Heading out to Alexandria, I spent two days and one night to relax at the Four Seasons San Stefano, a hotel that continues to surprise me with each visit.
The Four Seasons Alexandria now stands on the same plot of land on which the legendary hotel casino San Stefano stood.
The highest in Alexandria’s skyline, the building is a gem of a hotel standing majestically on the city’s coastal shore.
Its interiors were designed by renowned decorator Pierre-Yves Rochon. Antique furniture was sourced from Alexandria’s famed antique market El- Attareen for a reported $1 million to decorate the hotel’s various suites, restaurants and hallways.
What is so unique about this hotel is not only its painstaking attention to aesthetic details, but its versatility as a hotel. The potted exotic orchids that I’ve noticed grow larger between each of my visits and the beautiful polished marble floors are, of course, a visual delight, but the treats one can experience in the hotel have no bounds.
Want quiet and subdued? Try a pharoanic treatment massage in the spa, a two storied wellness centre that redefines luxury. With an extensive list of therapies and treatments, the list is a long read of indulgent treatments one can easily justify as acts of personal health care.
Rooms are large and if fortunate to have a sea view, stretch out to the horizon and beyond. A royally large bed, soft duvet cover, plump pillows and huge LCD flat screen are a good argument for sleeping-in all weekend, but to do so would be a tragedy.
This doesn’t mean, however, leaving hotel grounds. As part of the San Stefano complex, a mall is adjacent to the lobby. A door leads to the mall like a gate to Dante’s inferno. Run back inside and stay inside, the goal after all is to escape crowds and chaos.
The hotel recently opened its underground tunnel, the sole passage that leads to accessing the beach. It is the same tunnel of the old San Stefano hotel and the single such tunnel in Alexandria leading from one building across the dangerous corniche to the beach opposite.
The current set up on the beach is merely temporary. There is an extensive plan for the area including beach front cabanas, private villa suites and a marina for boat owners to dock their boats.
Today, beach chairs, a beach side café and a fish restaurant aptly named Fish serve as the beach’s amenities. Relaxing on the lounge chairs, and staring out at the sea, it’s easy to slip into a state of tranquility, making the thought of Cairo a hazy recollection of a nightmare.
A horizon pool on the hotel’s fourth floor is the ideal place to spend the morning, between spa session and meals. Creative and fully comprehending the serious task of tanning, the hotel offers beds and large couches around the pool to lie upon and stretch before the sun.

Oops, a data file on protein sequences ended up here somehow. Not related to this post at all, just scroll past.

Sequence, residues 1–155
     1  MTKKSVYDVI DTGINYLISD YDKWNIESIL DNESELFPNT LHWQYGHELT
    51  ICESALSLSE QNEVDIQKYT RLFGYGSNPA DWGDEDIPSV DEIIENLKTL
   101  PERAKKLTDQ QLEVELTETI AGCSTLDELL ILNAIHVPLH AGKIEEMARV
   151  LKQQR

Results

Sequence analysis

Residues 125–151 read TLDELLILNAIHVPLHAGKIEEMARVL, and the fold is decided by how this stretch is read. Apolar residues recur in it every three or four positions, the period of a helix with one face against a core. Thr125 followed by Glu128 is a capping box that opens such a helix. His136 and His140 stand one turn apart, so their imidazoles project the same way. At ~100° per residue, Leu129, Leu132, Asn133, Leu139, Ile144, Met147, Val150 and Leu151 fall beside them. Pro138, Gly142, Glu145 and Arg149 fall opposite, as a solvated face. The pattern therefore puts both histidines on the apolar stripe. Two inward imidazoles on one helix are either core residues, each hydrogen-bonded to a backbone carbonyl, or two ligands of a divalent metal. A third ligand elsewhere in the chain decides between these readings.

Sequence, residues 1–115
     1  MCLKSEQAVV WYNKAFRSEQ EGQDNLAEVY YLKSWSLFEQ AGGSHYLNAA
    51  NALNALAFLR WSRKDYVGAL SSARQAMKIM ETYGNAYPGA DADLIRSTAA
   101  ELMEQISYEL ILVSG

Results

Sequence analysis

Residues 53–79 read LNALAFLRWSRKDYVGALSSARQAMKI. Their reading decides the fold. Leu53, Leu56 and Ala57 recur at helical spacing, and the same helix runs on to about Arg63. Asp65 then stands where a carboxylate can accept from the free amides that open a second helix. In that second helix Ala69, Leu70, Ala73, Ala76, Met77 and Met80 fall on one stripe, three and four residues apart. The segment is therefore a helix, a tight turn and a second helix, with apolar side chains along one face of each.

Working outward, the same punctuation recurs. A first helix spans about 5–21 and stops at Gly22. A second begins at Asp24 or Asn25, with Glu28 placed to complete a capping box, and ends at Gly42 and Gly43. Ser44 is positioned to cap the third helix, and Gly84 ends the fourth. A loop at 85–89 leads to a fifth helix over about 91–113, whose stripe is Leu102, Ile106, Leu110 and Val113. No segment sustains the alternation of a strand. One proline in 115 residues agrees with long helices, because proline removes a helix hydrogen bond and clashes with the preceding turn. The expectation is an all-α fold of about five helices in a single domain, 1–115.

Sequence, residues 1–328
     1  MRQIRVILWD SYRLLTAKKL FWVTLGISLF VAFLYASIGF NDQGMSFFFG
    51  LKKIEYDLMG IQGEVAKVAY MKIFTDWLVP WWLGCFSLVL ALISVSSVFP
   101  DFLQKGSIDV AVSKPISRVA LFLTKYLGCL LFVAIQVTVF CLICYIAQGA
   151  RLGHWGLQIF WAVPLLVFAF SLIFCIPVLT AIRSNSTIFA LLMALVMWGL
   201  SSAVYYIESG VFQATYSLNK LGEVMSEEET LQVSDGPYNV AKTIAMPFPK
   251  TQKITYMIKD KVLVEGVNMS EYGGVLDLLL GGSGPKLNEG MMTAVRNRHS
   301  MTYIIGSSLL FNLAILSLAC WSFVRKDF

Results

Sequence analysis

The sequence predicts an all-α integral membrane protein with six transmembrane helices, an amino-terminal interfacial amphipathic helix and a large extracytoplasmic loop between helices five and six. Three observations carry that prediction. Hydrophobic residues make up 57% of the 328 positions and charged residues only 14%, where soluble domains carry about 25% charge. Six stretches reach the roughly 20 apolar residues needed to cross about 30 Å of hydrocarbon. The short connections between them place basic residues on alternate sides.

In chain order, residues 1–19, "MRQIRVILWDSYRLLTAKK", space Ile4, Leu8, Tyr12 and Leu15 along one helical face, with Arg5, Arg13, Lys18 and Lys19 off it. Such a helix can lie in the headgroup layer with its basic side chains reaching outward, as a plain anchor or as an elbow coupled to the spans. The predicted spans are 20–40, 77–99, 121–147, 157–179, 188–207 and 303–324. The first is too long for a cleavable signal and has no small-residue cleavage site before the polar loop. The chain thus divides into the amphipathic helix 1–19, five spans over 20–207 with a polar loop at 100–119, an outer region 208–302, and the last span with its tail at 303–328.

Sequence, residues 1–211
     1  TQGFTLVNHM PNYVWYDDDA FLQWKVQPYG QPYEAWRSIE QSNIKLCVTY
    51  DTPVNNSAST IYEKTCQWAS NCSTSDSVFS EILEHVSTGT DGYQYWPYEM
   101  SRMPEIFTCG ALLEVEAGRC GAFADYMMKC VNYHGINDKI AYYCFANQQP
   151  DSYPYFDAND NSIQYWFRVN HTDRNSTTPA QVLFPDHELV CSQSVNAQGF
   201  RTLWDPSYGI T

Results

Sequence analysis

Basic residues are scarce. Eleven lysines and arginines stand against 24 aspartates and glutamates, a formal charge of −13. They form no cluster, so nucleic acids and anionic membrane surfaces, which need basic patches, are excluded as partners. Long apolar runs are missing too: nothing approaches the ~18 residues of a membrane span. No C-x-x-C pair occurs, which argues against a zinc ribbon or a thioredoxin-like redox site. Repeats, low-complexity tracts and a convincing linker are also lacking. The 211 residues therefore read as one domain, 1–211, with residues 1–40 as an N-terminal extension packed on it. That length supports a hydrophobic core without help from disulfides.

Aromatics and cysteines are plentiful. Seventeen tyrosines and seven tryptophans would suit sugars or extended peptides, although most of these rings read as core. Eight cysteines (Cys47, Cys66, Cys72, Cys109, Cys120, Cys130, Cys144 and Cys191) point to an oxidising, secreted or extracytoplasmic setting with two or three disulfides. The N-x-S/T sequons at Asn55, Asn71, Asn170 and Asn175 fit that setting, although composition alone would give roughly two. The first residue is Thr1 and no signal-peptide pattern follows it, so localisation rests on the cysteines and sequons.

Hotel staff are simply too thoughtful, coming round every now and then with free shots of cold juice and spritzers to spray one with water to cool off.
Breakfasting at Kala, the hotel’s Mediterranean restaurant is a beautiful start to the day but for lunch and dinner I recommend Fresca and Fish, respectively.
Fresca is undoubtedly Alexandria’s best casual lunch time restaurant, and one of Egypt’s best. Intended to serve light fare in a chic setting, food and setting battle together for one’s attention, ultimately compromising in a tie.
Bold colors and contemporary furniture compliment the notion of Italian inspired light dining. Large pillows, colored prints, slim cutlery and black place mats contribute to this singular vibe of subdued luxury.
As for dining, I would suggest the tomato seafood soup and fried calamari strips for starters, their ostrich with steamed vegetables as a main dish, and fresh raspberry sorbet for dessert. Not to mention, their complimentary fresca at the end of the meal ends everything on the sweetest of notes. And have no fears about the ostrich, it tastes very much like veal, and is much healthier.
The beach is the perfect spot for watching the sunset. Shisha is available, as well as the true Alexandrian delights at Fish. The restaurant is under a simple wooden frame, with authentically Egyptian chairs and tables emphasizing that notion of a classic Alexandrian beachside seafood eating experience.
Starting with molokhiya, that most traditional of dishes, it was prepared with seafood stock and is deliciously light as an appetizer. Ordering the fish of the day, I was greeted with fish so fresh, it was a delight from beginning to end. Olive paste, tahini sauce, and assorted salad mezzehs were continuously replenished throughout the meal, as was bread baked fresh behind the restaurant’s bar by a woman seated low next to a traditional clay oven.
San Stefano is one of the very few hotels within the Four Seasons chain that is multifunctional. With a large banquet hall for weddings, conference halls, nine various dining experiences, a spa and a beach, the hotel’s exterior is deceptive, hardly pointing out the enormity of it inside. It is a maze of hidden possibilities.